Many parents wonder when their child will finally become diaper-free and how you can speed up this process. Unfortunately, you cannot force children to be clean: children will only use the potty if they want to, can and understand it. Don’t force your child to become diaper-free, this only makes it harder for the child. Of course, you can already encourage it. Be patient. When a child is ready, it becomes almost diaper-free by itself.
WHEN IS your child ready??
The child must first physically be able to feel when it needs to pee or do a business. Initially, your child will notice that it needs to pee right now, but cannot determine this beforehand. Only later will it notice the need before it happens. As a parent, you often notice that your child is doing business in the diaper with a certain facial expression or in a certain posture. You can draw your attention to this yourself, for example by asking your child whether they are currently perturbed.
In addition to being able to feel the need, a child must also have sufficient control over his sphincter to make it to the toilet or potty. Mostly children around the age of two are able to do this. Girls generally manage to become diaper-free a little earlier than boys.
If you start teaching your child too early, or put too much pressure on them, this can lead to fear and insecurity. This makes it even more difficult for the child to become diaper-free. Above all, do not let a struggle for power come between you and the child, because you will definitely lose it: your child can decide when it does its business and not you.
STIMULATE, ENCOURAGE, REWARD
When your child is physically ready, the next step comes. It has to understand the meaning of the potty and the toilet, and even want to get rid of the diaper. If you think your child is physically ready, try to get them interested. Place an appealing potty nearby and explain what the point is. For example, you can put it on the potty as soon as you think your child needs to use the toilet or show him what you are doing in the large toilet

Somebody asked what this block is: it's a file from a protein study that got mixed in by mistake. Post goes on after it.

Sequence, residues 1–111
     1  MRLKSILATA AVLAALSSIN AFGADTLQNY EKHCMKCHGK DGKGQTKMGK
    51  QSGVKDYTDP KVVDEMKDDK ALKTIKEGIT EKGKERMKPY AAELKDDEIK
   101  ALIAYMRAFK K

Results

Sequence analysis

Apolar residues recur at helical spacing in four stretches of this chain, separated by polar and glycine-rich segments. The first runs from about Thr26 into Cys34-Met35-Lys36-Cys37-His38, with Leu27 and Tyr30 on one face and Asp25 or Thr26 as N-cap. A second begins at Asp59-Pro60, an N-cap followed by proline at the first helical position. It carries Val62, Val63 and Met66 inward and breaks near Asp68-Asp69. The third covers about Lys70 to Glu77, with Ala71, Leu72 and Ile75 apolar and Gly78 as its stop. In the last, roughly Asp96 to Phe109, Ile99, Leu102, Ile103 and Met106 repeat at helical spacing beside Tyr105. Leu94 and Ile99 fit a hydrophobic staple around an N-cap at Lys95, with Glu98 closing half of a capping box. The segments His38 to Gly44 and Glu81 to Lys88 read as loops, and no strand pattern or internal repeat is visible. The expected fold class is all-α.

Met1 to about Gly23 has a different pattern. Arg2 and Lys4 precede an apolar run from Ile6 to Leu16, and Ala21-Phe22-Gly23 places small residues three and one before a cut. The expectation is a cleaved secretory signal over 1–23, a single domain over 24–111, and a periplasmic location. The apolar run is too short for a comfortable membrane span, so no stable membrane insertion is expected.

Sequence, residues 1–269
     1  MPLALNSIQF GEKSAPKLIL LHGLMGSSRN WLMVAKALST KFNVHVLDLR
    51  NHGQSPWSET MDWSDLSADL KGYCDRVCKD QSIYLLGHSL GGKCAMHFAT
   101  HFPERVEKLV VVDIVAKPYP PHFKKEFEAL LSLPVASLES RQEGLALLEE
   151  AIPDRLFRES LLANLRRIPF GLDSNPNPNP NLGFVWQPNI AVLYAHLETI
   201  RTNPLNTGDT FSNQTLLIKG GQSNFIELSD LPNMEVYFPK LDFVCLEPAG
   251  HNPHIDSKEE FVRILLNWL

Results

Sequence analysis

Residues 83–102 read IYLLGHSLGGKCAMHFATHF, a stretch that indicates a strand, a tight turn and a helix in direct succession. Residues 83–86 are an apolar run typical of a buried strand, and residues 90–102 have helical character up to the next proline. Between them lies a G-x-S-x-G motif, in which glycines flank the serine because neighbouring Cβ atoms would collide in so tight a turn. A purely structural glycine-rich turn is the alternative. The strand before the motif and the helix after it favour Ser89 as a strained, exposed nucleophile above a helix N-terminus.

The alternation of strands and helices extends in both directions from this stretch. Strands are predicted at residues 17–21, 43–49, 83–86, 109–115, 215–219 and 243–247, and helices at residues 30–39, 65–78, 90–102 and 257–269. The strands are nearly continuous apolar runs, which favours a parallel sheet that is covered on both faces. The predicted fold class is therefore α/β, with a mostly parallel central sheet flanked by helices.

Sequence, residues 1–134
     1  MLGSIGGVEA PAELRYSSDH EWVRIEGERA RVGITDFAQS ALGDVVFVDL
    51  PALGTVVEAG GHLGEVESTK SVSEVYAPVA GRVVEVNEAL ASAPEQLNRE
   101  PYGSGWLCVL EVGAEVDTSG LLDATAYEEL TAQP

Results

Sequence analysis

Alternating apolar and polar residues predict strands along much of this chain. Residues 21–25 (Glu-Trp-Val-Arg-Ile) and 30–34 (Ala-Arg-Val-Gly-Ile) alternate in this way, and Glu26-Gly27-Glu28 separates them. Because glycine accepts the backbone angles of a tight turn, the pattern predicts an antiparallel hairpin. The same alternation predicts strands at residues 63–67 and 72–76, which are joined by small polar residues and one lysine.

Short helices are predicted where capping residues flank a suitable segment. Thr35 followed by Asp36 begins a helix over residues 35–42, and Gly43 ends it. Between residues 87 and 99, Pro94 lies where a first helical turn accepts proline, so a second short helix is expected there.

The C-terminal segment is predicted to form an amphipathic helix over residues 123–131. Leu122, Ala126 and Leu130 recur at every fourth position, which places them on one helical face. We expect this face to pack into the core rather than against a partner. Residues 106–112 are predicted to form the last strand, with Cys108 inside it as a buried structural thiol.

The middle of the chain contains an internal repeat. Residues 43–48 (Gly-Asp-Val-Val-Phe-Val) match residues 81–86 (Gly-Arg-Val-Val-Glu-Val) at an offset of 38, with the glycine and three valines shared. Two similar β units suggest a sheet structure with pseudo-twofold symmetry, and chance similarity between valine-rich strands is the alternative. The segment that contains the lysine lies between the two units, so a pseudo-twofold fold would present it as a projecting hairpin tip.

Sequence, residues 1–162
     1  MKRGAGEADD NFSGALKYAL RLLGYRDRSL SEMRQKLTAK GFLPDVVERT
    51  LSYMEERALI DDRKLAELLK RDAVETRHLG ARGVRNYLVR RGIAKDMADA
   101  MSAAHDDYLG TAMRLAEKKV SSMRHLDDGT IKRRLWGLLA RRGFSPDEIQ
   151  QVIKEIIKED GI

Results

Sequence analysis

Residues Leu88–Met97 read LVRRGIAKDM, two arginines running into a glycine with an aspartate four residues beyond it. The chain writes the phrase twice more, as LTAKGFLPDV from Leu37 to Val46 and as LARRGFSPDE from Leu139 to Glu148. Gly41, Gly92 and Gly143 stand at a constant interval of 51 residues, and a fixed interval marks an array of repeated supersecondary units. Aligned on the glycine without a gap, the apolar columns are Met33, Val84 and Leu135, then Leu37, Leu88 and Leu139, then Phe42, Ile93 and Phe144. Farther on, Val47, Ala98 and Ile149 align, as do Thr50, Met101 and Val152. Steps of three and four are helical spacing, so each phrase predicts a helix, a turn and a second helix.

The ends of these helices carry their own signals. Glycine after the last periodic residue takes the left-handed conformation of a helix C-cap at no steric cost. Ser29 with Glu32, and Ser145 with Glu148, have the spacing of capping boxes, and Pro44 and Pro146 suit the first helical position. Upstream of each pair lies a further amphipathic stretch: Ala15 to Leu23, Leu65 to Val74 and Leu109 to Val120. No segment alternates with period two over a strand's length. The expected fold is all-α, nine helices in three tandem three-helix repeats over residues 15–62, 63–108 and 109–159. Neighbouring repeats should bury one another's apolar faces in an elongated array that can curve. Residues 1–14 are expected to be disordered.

Don’t get angry if your child doesn’t sit on the potty, but praise him if he sits on it, with or without a diaper. If it gets into the potty a little, it will be very proud.
Do not force your child and expect that many "mishaps" will happen, especially in the beginning. Especially when it’s playing, it won’t always think of the potty in time. When a child is old enough, it will almost automatically become clean.
Do you have to reward your child or not? The best thing is, of course, if your child has a lot of fun going into the potty himself. Don’t promise him a big reward (many small Children don’t understand that anyway), but praise it every time it shows that it needs to use the toilet or after using the potty.
For example, if you want to introduce a reward, you can use a sticker card. Make a card, hang it up in the toilet or in the bathroom and agree with your child that they will receive a sticker every time they have done their business on the potty. As soon as 10 pictures stick to the card, you can give him a small gift or do something nice with him.
In short, praise your child if it works. But don’t punish it if things go wrong. Simply pay little attention to the "mishap" and make it away. Next time it will definitely work!
Instead of a potty, you can also teach the child to go straight to the big toilet. You can provide a small stool if the toilet bowl is too high. Some children don’t really dare to sit on a normal toilet. There are toilet seat attachments to buy that you can put on the normal toilet seat. This makes the opening smaller and less scary.
There are many beautiful books about cleanliness that you can read to your child.
CLEANLINESS IN STEPS
A child first gets clean about pulling during the day, and only later in big business. There are quite a few children who are already diaper-free, but still ask for a diaper if they have to do a big business. This may be because children see their chair as "part of themselves" and are afraid of losing it, or find it scary to drop their chair into a deep, dark hole instead of the diaper.
Only when your child is clean during the day will he learn to be clean at night. Don’t suddenly give him less to drink because it will make her pee less. However, make sure that you visit the potty or the toilet briefly before going to bed. Don’t leave the diaper out at night until you’re pretty sure the bed won’t get wet. It is very uncomfortable for a child to wake up in a cold and wet bed at night. To prevent damage to the mattress, there are special covers available, these have a soft top and a plastic-like underside to prevent the mattress from getting wet.
Sometimes children who are already clean have a relapse and suddenly come back on the pants or want to wear a diaper again. This can have a physical reason (e.g. a bladder infection). Very often, however, the reason is also stress or excitement, a sudden change such as having a sibling, illness, tensions in the relationship or in the after-school care. Try to find out if your child is afraid of something and how you can change the situation. Pay positive attention to your child!
In this case, do not pay so much attention to the cleanliness itself, it usually comes back by itself.
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